The best way to even out skin tone and texture after years of pronounced sun exposure is through IPL Photorejuvenation or Laser Skin Resurfacing. The first uses light wave lengths that are particularly good at treating superficial pigmentation and discolouration. The second relies on lasers, and can penetrate your skin all the way to the dermis, but it unlike IPL’s broad spectrum, lasers use a heavily condensed energy beam that makes it easy to target specific areas. There are however different kinds of lasers treatments, so, as always, it is best to have a skin analysis consultation to pick the best option for you.
Loose skin and thinner lips
Oestrogen stimulates fat deposits over the female body; as oestrogen levels drop during menopause, fat deposits tend to become redistributed and often concentrated over the abdomen and/or on the thighs and buttocks. The result is a loss of supportive fat below the skin of the face, neck, hands and arms; this allows sagging wrinkles to appear, and the skin over these areas is less easily compressed, as it loses its mobility. Also, fat deposits are reduced in the breasts, resulting in loss of turgor, which causes the breasts to begin to sag and flatten.
If your fat has shifted from desirable areas to troublesome ones, a Fat Transfer procedure allows you to extract fat through liposuction, and use it to restore plumpness where it is most needed. This ‘Organic Facelift’ has very ‘natural’ results but if your skin is quite loose then a Thread Lift (a.k.a. the Silhouette Lift) can offer effective results. Biodegradable thread is used to raise the skin and keep it in place, with results lasting up to 18 months. Dermal fillers and wrinkle injections can have similar effects, but those are relatively short-lived in comparison. They are however the best way to restore volume to your lips quickly and effectively.
Although opting for surgery is a considerable decision, it must be said that some of the most effective non-invasive treatments may not be suited for people in their sixties, simply because of the low levels of collagen in your body. Surgery offers the most significant results when dealing with the consequences of fat and collagen depletion. A facelift will dramatically rejuvenate your face while a blepharoplasty – the safest form of plastic surgery – can rid you of drooping eyelids and under eye bags. Sagging breasts on the other hand can be addressed with a breast reduction and an uplift, while loose skin in the abdominal area can benefit from a Tummy Tuck. Deciding to have surgery is a big step, but it comes with more permanent, and visible effects. Keep in mind that if you go down this road, picking a qualified and reputable surgeon will be the key to a successful operation.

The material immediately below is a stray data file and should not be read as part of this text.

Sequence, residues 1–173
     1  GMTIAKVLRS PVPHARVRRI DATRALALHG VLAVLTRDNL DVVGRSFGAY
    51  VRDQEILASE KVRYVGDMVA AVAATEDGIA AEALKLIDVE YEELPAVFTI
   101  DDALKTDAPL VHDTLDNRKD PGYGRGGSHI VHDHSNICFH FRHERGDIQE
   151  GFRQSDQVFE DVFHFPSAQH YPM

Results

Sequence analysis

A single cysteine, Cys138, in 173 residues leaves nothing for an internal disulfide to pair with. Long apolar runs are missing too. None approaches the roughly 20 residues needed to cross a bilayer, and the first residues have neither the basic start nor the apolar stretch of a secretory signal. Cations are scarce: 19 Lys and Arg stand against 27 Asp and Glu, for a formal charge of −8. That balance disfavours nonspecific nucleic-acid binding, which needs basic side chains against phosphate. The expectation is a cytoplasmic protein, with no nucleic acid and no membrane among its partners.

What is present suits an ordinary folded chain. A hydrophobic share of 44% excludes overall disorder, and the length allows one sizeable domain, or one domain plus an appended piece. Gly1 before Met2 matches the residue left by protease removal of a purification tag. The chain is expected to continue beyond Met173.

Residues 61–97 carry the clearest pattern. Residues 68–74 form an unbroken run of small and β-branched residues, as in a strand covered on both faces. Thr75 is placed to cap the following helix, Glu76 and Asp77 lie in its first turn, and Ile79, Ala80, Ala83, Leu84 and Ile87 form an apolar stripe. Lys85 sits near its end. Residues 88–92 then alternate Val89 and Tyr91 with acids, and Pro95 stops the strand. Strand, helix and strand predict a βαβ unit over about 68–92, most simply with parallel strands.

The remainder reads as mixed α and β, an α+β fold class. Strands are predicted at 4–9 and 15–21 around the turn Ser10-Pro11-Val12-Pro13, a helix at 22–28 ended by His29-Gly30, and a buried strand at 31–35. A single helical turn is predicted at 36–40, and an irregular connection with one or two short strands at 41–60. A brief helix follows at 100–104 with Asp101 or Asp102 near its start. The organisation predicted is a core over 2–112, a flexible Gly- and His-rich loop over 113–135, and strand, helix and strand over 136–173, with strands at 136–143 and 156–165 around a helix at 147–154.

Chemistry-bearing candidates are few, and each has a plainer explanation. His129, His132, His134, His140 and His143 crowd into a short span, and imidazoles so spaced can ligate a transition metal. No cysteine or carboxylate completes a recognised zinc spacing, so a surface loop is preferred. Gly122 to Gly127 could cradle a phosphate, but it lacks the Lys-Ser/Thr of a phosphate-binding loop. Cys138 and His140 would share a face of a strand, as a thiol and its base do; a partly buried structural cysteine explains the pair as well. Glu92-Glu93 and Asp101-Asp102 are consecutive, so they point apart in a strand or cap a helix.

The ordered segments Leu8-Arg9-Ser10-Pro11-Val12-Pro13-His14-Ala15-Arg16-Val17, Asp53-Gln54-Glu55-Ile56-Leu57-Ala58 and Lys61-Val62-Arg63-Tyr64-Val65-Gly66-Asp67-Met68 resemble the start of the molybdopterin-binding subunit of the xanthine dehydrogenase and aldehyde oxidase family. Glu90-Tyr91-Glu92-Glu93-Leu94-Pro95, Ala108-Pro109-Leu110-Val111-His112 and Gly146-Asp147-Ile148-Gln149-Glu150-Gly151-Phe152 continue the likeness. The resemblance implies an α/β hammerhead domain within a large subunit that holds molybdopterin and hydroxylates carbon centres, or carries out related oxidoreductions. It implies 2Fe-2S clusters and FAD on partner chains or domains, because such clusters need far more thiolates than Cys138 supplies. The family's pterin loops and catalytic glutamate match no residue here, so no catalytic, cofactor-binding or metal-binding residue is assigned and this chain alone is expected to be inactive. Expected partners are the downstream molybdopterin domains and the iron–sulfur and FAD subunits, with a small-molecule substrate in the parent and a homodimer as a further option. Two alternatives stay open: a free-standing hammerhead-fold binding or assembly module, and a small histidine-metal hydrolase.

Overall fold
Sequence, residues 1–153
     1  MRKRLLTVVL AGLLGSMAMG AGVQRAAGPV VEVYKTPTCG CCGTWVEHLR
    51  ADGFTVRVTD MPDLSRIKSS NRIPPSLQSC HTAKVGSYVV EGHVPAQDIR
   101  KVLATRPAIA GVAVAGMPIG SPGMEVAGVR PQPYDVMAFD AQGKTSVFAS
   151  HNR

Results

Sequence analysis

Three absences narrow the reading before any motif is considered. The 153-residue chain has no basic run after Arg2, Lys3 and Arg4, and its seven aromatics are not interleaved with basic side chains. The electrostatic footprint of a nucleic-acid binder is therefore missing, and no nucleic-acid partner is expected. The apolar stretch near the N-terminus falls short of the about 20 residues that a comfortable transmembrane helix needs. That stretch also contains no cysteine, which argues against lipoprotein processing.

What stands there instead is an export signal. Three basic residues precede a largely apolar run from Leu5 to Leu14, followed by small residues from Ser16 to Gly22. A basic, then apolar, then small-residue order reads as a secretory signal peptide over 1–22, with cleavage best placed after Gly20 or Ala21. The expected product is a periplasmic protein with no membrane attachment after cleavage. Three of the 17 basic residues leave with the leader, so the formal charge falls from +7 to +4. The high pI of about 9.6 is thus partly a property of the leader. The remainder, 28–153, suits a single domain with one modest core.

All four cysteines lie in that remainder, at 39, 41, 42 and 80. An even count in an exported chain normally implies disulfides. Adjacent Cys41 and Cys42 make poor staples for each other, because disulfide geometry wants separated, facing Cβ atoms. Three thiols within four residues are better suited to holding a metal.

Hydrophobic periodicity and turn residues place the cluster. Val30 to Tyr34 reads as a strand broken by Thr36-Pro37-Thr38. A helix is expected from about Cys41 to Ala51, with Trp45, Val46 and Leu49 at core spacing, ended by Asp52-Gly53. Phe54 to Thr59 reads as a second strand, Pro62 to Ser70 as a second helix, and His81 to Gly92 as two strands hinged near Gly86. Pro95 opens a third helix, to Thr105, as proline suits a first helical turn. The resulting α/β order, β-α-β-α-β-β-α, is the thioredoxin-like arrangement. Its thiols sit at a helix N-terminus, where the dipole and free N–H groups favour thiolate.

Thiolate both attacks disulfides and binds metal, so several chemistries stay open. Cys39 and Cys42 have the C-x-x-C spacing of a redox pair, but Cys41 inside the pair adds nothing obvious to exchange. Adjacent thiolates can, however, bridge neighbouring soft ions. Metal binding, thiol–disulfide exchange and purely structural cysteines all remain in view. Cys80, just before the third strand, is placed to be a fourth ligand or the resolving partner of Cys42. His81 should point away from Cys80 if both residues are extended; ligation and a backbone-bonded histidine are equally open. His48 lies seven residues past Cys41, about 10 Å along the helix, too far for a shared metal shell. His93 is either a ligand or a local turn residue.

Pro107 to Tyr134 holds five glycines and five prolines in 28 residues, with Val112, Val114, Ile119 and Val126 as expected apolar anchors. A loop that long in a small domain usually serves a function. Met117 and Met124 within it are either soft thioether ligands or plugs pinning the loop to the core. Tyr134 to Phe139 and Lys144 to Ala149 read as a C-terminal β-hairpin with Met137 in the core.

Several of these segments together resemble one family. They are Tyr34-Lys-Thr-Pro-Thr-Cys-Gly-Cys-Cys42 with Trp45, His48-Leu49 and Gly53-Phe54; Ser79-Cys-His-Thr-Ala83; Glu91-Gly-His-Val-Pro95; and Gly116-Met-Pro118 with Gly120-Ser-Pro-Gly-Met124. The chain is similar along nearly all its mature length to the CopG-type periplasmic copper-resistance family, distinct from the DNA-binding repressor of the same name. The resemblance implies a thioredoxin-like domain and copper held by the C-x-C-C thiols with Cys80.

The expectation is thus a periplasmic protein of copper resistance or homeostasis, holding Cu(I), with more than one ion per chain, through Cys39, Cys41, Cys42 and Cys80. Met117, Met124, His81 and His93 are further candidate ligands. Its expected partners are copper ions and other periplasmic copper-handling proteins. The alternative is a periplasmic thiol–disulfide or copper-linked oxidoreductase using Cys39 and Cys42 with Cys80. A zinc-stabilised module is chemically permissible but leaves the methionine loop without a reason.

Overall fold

Hands on approach…
What would you say if we told you that you’re probably neglecting the BIGGEST tell-tale sign of ageing on your whole body? So much focus is put on the face that sometimes we don’t realise just how easily our hands can give us away. As we lose fat, and our skin thins, veins, bones and tendons become more and more visible. Along with our faces, they’re the most exposed parts of our body, as well as being our main tools for physical interaction with the world. That makes them very susceptible to wear and tear, as well as sun damage.
Not to worry though. The same basic rules that govern facial care, also apply to hands. Once again, a good skin care regime is absolutely essential, particularly seeing as moisturising your hands has the added benefit of working to prevent and manage eczema. Rejuvenating treatments like chemical peels, fillers, IPL, and so on can be used to treat hands, and so can Fat Transfers. The thing is though that the complexity of hands means that the treatment requires a knowledgeable and experienced specialist. Restoring volume to your hands is a worthwhile endeavour, so please make sure that you’re in good hands. (Get it?)
At The Private Clinic we like to call ourselves pro-ageing; we think every year makes us that little bit more beautiful and, while changes might seem daunting, they don’t have to be a bad thing. Skincare in your sixties is all about finding the right daily regime and recognising your individual needs. By knowing your options you can consult a professional and pick an approach that is personally best for you, so that your body can better reflect the youthfulness of your spirit. Now that you’re in your sixties, you have a better understanding of who you are and what you want in life, so take control and be the best ‘you’ that you can be.